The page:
Northern California fire relief: 4,417 servings of fruit
Southern California fire relief: 500 servings of fruit
2017 Sustainable Farm Projects Take Root
Ten small American farms and agricultural nonprofits received a total of $42,913 in funding in 2017 for sustainable farm projects.
The FruitGuys Community Fund has awarded more than $167,000 to 41 small farms since 2012. Farms and nonprofits may apply for grants (up to $5,000) for sustainability projects that have positive impacts on the environment, local food systems, and farm diversity. The 2017 projects ranged from installing rainwater catchment systems to planting native perennial hedgerows and were given to the following farms: Chicago Patchwork Farms (Chicago, IL); Foxtrot Organic Farm (St. Charles, IL); Byars Family Farm (Ardmore, OK); Songbird Farm (Unity, ME); Bertrand Farm (Niles, MI); Soil Born Farms (Rancho Cordova, CA); Marsteller Farm (Freeland, MD); The Growing Club | Sarvodaya Farms (Pomona, CA); Blackhawk Courts Farm and Garden (Rockford, IL); and Urban Tree Connection | Neighborhood Foods Farm (Philadelphia, PA).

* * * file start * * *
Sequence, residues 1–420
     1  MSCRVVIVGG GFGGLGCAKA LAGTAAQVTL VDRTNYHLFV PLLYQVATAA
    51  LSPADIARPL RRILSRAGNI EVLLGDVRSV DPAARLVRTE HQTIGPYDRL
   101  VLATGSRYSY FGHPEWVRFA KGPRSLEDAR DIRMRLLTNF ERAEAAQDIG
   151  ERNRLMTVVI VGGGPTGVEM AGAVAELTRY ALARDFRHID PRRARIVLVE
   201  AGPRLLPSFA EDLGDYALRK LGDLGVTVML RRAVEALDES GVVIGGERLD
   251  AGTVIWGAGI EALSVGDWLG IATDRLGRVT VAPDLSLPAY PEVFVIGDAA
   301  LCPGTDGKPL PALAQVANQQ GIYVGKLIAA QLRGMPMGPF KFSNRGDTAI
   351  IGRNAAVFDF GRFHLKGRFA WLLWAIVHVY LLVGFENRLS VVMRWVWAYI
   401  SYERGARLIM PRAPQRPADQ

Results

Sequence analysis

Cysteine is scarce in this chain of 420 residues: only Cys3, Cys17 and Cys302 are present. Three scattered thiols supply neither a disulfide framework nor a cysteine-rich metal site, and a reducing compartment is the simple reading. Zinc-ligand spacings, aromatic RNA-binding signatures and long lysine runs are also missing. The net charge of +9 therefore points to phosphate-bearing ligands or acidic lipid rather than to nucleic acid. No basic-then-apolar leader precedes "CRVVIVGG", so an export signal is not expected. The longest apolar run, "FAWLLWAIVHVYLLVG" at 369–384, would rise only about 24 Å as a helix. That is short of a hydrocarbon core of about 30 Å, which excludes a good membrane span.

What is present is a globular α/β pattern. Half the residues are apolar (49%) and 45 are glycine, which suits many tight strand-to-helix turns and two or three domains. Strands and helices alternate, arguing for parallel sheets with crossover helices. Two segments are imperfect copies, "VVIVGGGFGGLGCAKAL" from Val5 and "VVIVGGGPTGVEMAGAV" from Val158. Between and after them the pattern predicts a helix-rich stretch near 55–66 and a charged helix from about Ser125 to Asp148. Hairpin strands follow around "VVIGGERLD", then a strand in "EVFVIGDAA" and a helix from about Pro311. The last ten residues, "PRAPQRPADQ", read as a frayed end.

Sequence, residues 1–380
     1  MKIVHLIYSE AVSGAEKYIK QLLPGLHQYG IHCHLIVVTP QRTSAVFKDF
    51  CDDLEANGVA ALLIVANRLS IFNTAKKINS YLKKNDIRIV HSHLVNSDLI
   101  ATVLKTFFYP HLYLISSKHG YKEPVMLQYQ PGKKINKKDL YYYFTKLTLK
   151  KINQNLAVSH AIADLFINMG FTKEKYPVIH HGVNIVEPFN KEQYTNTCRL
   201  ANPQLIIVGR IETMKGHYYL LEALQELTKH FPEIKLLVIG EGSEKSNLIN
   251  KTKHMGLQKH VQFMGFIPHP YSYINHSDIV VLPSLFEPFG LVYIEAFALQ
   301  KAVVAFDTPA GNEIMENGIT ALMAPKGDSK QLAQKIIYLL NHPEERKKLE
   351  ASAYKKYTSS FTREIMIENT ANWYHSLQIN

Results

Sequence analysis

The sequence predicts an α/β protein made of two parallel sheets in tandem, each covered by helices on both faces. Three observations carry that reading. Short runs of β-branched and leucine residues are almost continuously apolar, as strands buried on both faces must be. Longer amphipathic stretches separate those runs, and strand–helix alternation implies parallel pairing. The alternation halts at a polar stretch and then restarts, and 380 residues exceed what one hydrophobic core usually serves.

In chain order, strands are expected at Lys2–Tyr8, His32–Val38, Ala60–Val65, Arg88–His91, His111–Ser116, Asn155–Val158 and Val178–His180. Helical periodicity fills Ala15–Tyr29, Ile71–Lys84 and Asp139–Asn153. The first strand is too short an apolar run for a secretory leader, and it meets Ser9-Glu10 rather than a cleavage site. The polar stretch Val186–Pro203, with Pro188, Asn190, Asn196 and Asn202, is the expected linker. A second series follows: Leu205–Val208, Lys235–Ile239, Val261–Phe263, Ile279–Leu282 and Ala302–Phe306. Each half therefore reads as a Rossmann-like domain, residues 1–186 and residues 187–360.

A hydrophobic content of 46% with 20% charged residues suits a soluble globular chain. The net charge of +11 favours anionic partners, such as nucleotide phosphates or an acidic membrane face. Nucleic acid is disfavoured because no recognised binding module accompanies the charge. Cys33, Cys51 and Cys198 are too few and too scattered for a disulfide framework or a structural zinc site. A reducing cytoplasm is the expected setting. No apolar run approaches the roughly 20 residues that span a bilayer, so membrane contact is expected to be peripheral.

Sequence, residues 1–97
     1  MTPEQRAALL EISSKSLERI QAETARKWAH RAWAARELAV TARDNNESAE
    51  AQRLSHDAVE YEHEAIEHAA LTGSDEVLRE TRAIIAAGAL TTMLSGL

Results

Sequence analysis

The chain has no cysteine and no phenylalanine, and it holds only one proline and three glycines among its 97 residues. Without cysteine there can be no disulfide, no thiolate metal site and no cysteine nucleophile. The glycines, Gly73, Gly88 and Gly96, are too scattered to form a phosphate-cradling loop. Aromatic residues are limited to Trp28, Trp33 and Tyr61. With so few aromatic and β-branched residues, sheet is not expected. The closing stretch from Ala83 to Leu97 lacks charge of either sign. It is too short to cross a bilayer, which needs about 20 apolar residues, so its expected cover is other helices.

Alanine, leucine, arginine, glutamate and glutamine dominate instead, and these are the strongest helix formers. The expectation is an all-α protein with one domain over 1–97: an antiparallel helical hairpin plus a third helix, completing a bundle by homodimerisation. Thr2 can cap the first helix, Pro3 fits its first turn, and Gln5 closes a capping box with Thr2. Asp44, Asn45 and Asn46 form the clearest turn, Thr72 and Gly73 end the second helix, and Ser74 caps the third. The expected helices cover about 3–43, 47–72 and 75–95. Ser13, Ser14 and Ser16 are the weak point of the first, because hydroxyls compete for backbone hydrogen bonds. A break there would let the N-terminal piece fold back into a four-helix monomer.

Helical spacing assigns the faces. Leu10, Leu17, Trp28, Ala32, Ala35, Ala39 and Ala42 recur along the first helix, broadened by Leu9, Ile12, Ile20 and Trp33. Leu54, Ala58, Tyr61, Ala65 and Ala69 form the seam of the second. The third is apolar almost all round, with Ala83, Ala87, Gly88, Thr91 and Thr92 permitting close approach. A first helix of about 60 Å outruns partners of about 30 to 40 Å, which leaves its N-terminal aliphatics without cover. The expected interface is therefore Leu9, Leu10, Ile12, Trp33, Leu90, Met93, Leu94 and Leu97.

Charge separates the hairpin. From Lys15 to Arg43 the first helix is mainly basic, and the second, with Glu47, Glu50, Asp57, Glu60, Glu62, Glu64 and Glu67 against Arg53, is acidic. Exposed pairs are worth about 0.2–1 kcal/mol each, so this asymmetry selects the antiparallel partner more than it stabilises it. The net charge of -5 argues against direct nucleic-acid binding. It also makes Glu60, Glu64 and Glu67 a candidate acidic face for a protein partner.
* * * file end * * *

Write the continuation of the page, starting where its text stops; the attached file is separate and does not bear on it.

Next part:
Benefits of the 2017 projects are already being reported. For instance, Chicago Patchwork Farms, a no-till, organic, and bio-intensive half-acre urban farm in Chicago, IL, used their $5,000 grant to purchase an ice maker, solar panels, and a lean-to structure, as well as extra coolers and compost.
“Yields are up because of our new 750-square-foot growing space. Since we started freezing our own ice, we have reduced our weekly expenditures by $60. By reusing ice packs that are cooled using solar electricity instead of buying bags of ice, we have been able to cut down on our energy usage as well as eliminate the waste of plastic bags. We also save staff time by having ice ready on the farm,” farmer Elise Robison says. “Having a permanent lean-to structure has also allowed us to eliminate the staff time we used to set up and break down shade structures on harvest days. Customers to our farm stand have doubled this year, and we have enough ice to keep our expanded production and market days fresh and cool!”
The FruitGuys Community Fund is one of the only small grant programs available to farmers in the United States. Want to help save a farm? Donate to the Community Fund. Want to get involved? Volunteer now for our Grant Review Committee and help decide in March which sustainability projects will be funded in 2018.